Low R&D despite space successes

Low R&D despite space successes

Despite the success of the Indian space programme, the scientific community laments that not enough young people are entering research and development, affecting the country's long-term scientific goals. 

According to Praveer Asthana, who heads the Mega Science Division in the Department of Science and Technology (DST), although legions of young science graduates gravitate towards medicine and information technology, few choose to move into research and development, which he described as a critically undermanned sector, resulting in slow innovations. 

Going by the DST's latest data (from 2015 onwards), India has just 2,82,994 people in research and development while China, in comparison, has nine lakh people and the United States 12 lakhs. India's publication output and its share in the world, by the field of science, amounted to an average of 4.3%, according to a 2016 DST study. 

"In future years, we are going to require a continuous influx of young people to help sustain our scientific endeavours if Indian ingenuity is to be bolstered," added Ranajit Kumar, the head of the Department of Atomic Energy's (DAE) Nuclear Control and Planning Wing.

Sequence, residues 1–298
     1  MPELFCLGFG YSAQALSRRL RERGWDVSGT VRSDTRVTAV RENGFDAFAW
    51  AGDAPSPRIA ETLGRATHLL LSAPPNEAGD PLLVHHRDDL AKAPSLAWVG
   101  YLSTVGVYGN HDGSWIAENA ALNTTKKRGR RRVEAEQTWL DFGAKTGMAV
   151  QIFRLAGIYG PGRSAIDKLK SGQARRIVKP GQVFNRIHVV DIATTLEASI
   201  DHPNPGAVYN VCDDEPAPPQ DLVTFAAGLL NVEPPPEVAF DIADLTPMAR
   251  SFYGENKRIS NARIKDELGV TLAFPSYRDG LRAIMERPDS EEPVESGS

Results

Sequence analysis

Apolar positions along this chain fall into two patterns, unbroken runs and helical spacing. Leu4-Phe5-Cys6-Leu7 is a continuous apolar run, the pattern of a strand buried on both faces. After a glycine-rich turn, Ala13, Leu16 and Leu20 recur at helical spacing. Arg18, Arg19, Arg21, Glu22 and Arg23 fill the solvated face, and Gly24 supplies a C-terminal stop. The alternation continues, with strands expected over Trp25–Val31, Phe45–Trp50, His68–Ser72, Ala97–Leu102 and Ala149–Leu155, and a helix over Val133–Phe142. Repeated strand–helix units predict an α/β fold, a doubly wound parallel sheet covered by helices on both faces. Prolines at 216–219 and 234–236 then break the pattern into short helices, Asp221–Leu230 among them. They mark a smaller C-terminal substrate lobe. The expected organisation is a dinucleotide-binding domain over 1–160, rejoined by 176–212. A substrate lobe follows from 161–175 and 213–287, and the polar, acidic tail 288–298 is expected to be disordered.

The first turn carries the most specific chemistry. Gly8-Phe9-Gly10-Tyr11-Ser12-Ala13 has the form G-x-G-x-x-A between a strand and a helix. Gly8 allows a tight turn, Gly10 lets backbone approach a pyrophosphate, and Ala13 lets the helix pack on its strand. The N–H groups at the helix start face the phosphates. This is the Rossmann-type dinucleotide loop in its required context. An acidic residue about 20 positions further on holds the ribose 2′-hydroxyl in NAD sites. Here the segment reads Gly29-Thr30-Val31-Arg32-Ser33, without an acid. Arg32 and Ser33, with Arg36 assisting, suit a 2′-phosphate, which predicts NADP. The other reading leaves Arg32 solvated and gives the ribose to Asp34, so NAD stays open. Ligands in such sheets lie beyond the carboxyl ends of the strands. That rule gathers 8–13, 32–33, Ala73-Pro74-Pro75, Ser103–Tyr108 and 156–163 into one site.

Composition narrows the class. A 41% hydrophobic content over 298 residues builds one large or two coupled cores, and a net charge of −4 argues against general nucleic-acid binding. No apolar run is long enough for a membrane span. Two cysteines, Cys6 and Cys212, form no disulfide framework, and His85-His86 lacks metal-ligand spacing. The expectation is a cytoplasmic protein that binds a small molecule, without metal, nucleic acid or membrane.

This is easier said than done, according to Dr Asthana who explained that government-mandated science camps held annually in the hopes of attracting at least 50,000 students fall short by nearly half every year. 

Some officials see mega-science exhibits as a means to close this gap. One such exhibit, named 'Vigyan Samagam', is set to begin at the Visvesvaraya Industrial and Technological Museum in Bengaluru on July 29. 

The ambitions of the exhibition, according to officials of the DAE and the DST which organised the event, is to showcase India's involvement in eight collaborative, international mega-science projects — amounting to crores of rupees in investment, the cooperation of over 50 Indian institutes with international scientific organisations such as CERN and Caltech and thousands of scientists and technical personnel. 

The primary aim, however, is to draw fresh talent from among students, and for this, the organisers have banked on the sheer technological magnitude of the projects. 

The projects range from a facility for anti-proton and ion research to a thermonuclear experimental reactor, which can solve India's clean energy requirements, to a 30mm telescope, which is set to emerge as the most advanced and capable ground-based optical and infrared telescope in the world, which Dr Eswar Reddy of the Indian Institute of Astrophysics described as a "huge step for India". 

"This telescope will help us determine the rate of the universe's expansion and help find life on other worlds," he said. 

He added that six out of 12 Indian companies manufacturing components for the telescope, which is to be sited in Hawaii, US, are based in Bengaluru. 

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